In typical Trump fashion, the announcement carried all the hallmarks of a publicity stunt. Trump gathered a crowd together at the Trump Tower (Where else?) on Fifth avenue in New York and proceeded to give out “suitcases filled with cash” to fund three projects featured on FundAnything.

http://www.fundanything.com/en

http://www.kickstarter.com/

Crowdfunding, as its name suggests, is a funding method where common people like you and me, henceforth the crowd, fund your personal or business project with their own money. There’s a term that we commonly use to describe this money-giving action; it’s called a donation.

The main difference between crowdfunding and donation is that crowdfunding is tied to the American JOBS act that allows online sales of small stock to a huge pool of investors, although the act has not been passed yet. Nonetheless, you could still embrace the crowdfunding method to raise your project funds, as long as you don’t sell any kind of stock.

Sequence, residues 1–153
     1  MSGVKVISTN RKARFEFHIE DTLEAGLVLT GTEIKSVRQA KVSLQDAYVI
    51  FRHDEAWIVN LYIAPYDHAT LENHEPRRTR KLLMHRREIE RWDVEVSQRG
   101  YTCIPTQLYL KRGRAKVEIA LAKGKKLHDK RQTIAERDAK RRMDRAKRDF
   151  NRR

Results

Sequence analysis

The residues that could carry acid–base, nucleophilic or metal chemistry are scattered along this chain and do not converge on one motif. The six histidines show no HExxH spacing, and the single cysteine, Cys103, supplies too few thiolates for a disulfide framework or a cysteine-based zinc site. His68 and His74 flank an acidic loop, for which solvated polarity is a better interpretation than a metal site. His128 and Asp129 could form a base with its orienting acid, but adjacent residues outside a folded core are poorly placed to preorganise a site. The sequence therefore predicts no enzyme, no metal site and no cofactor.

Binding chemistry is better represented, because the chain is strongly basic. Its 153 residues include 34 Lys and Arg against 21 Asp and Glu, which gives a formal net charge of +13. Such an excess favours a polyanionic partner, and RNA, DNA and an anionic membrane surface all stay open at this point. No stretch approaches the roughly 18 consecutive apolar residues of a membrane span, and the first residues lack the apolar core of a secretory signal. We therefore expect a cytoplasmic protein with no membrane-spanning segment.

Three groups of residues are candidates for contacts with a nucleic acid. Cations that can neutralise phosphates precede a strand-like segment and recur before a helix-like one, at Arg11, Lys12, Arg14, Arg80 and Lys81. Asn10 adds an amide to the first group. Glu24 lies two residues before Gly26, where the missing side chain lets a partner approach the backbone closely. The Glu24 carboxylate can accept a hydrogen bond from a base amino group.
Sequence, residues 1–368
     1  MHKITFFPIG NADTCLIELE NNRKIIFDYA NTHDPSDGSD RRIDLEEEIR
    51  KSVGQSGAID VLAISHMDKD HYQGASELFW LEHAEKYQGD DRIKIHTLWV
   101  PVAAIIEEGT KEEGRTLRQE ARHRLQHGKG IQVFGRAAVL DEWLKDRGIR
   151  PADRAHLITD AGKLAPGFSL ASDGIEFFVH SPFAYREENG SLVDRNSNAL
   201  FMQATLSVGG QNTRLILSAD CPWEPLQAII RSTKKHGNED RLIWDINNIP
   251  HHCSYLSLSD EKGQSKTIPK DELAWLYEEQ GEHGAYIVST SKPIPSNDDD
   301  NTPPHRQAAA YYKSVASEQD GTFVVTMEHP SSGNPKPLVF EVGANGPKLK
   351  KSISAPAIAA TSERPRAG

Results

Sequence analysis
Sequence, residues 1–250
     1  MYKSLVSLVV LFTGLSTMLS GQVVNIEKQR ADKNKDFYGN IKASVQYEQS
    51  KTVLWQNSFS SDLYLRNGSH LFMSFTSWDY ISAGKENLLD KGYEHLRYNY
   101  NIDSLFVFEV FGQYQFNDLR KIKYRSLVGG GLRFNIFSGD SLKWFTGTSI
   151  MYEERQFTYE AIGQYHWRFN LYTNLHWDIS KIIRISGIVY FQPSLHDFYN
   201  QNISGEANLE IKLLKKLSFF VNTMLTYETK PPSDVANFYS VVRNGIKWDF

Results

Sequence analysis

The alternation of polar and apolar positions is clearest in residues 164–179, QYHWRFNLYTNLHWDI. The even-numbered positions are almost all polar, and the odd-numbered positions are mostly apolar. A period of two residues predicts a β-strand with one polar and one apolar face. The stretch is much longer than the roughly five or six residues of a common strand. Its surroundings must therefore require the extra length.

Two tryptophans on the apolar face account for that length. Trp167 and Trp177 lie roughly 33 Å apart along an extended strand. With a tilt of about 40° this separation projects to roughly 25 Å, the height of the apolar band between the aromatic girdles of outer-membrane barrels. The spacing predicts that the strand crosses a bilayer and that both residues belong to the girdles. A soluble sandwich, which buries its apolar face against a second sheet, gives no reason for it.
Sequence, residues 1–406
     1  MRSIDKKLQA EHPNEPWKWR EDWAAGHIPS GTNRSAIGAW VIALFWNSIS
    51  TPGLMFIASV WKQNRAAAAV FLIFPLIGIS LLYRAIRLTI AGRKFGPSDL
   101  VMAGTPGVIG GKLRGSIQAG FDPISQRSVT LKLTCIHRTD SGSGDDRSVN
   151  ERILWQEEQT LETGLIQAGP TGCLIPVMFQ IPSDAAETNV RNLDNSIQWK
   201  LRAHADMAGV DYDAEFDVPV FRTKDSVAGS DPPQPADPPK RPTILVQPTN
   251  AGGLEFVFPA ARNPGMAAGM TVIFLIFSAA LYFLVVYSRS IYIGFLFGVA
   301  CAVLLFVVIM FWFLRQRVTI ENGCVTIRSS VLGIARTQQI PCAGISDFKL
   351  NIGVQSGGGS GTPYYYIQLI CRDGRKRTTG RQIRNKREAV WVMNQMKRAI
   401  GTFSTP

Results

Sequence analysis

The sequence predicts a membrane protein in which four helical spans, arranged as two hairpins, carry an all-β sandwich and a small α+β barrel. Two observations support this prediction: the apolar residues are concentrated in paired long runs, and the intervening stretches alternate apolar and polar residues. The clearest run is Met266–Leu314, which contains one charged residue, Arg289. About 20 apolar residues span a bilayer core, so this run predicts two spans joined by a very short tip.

Different crowdfunding site could have different a purpose or approach , but overall the concept is simple – you post your project to a large group of site users, or “potential investors”, and they will fund your project with money if they are interested in the project. you can start a crowdfunding exercise for free as you will only be charged when your project has raised some funs or the full amount. There’s nothing to lose and this is great for publicity.

1. Kickstarter

Probably the hottest crowdfunding site on the Internet is Kickstarter, which raised a total of $220 million from 61,000 launched projects so far. Thousands explore its listed projects every second waiting to give away their money to the project they think is most deserving! According to the guidelines, Kickstarter accepts all major kinds of creative projects but not for causes or awareness campaigns, charity or scholarships, and definitely not for vacations or a new digital camera.

2. Indiegogo